Saturday, February 13, 2010
Canada's ad to the world
Tonight, hundreds of millions of folks got a look at Canada through our Olympic ceremony opening. In short we had a 3 hour ad to the world about our country. It’s a marketers dream to have an audience like that. That’s the good news. The bad news is that it’s a one time shot with a million moving parts. What succeeded and what failed?
Generally when an ad fails, it’s not because of faulty execution- it is because of the shoddy planning. Think of the Microsoft ads featuring Jerry Seinfeld. Excellent execution but totally missing the mark for what consumers needed to hear from Microsoft. Another ad that missed the mark was the Olympic ad for GM that showed hockey players being assembled on the GM assembly line. A very cool execution but a message irrelevant to the GM brand.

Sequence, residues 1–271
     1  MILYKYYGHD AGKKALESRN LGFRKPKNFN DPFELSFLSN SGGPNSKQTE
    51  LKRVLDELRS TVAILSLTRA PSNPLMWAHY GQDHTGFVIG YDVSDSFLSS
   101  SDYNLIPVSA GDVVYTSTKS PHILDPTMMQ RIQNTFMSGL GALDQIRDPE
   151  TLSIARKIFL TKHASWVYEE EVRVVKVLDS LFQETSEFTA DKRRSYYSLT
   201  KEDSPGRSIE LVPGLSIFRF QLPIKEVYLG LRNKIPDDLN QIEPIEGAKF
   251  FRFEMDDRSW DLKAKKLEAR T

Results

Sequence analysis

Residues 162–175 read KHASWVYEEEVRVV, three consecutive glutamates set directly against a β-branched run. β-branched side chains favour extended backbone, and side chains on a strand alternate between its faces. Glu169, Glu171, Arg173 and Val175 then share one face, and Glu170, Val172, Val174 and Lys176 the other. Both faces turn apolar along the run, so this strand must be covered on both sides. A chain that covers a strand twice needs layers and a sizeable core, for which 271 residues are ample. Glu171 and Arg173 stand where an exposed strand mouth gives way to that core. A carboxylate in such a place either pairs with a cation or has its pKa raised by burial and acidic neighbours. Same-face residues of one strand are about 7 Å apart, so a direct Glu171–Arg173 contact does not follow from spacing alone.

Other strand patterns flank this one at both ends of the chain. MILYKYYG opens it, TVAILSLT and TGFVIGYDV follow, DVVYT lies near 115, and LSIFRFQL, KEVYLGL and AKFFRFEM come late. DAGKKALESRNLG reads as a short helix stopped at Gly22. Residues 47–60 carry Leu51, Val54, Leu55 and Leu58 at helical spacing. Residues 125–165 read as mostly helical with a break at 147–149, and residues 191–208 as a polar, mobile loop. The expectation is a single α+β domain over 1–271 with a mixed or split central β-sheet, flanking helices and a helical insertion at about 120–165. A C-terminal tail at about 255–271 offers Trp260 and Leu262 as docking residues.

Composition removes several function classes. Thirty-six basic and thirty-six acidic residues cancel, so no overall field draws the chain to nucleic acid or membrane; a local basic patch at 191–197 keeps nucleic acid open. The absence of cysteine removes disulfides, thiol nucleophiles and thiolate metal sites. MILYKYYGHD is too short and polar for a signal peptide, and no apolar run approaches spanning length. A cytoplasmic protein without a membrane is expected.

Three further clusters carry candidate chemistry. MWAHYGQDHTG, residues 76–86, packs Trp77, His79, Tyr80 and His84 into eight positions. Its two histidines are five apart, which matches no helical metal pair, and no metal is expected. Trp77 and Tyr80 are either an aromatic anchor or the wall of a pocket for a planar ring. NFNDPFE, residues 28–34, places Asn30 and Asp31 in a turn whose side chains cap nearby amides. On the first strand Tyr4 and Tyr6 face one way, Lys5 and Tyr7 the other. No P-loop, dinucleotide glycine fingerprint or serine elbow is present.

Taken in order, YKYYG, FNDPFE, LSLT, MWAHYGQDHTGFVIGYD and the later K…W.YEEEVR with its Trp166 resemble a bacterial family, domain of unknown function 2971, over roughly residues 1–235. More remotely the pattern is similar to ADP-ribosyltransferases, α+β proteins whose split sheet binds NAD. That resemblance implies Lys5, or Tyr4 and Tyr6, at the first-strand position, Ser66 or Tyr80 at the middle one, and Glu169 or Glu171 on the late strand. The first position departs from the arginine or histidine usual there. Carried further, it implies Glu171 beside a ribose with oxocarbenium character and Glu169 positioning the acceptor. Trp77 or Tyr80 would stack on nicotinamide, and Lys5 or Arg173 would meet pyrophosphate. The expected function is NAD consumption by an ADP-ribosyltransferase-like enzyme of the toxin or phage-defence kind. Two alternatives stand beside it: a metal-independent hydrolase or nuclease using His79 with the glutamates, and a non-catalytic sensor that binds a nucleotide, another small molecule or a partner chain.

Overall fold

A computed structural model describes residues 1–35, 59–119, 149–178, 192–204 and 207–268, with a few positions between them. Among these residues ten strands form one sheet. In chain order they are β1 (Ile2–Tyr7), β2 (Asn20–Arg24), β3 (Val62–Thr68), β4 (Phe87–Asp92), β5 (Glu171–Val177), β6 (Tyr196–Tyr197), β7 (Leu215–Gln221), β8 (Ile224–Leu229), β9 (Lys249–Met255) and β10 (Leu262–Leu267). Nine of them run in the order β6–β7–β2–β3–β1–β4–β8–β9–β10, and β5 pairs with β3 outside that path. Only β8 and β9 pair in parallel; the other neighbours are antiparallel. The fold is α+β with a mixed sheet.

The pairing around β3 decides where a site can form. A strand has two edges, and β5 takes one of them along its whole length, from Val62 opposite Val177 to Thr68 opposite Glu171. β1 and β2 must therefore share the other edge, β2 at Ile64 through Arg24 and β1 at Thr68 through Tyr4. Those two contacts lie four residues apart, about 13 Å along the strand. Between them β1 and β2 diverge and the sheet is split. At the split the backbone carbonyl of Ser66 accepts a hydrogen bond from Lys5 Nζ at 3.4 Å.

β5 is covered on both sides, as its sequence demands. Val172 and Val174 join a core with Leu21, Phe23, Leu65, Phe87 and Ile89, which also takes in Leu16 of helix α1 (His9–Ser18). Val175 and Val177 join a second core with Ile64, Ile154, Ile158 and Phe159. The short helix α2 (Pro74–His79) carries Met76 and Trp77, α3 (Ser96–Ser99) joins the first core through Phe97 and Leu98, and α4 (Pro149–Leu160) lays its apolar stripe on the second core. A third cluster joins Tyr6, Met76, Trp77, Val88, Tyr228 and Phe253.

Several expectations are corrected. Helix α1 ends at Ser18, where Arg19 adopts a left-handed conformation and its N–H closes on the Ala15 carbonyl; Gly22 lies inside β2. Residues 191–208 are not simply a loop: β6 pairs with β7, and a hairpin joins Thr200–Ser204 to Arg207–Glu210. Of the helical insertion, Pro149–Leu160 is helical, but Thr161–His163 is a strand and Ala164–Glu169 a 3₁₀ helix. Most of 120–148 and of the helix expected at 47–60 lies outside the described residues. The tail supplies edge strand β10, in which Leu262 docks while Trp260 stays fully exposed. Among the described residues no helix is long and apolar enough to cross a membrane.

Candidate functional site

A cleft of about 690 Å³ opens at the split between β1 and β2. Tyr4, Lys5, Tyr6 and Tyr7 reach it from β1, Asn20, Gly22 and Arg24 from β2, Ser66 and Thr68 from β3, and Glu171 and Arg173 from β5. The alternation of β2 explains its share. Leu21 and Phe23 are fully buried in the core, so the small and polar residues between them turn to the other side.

Today we witnessed some outstanding planning and excellent execution for our Canadian ad as well as some terrible planning and miserable execution. Let’s take a look.
You would be hard pressed to find anyone who was not blown away by the visual extravaganza tonight. Using the crowd as an artistic canvas to showcase Canadian landscape, seasons, and culture is nothing short of brilliant. The planners dreamed up showcasing the diversity of our nation in very artistic ways- from young man running through wheat fields to visuals featuring falling autumn leaves of Quebec.
On the other hand, who dreamed up the idea of having Gretzky hop in the back of a pick up truck in the pouring rain to light the official torch? It made for such a sketchy visual that NBC didn’t even follow the lighting of the torch. Or, who thought it would be great to have an opera singer lip synch the Olympic hymn after the Chinese lip-synch fiasco? And, what’s up with 4 First Nations chiefs being (noticeably) absent for the start of the event? After all they are only sitting by the top IOC chiefs and the top dignitaries of our country (Prime Minister Harper and Governor General Jean). Finally, let’s put on a You Tube poet to make an ode to our nation. I just got the sense that some of the opening ceremonies seemed to be made by a committee. And that’s not the way to make our nation’s ad to the world.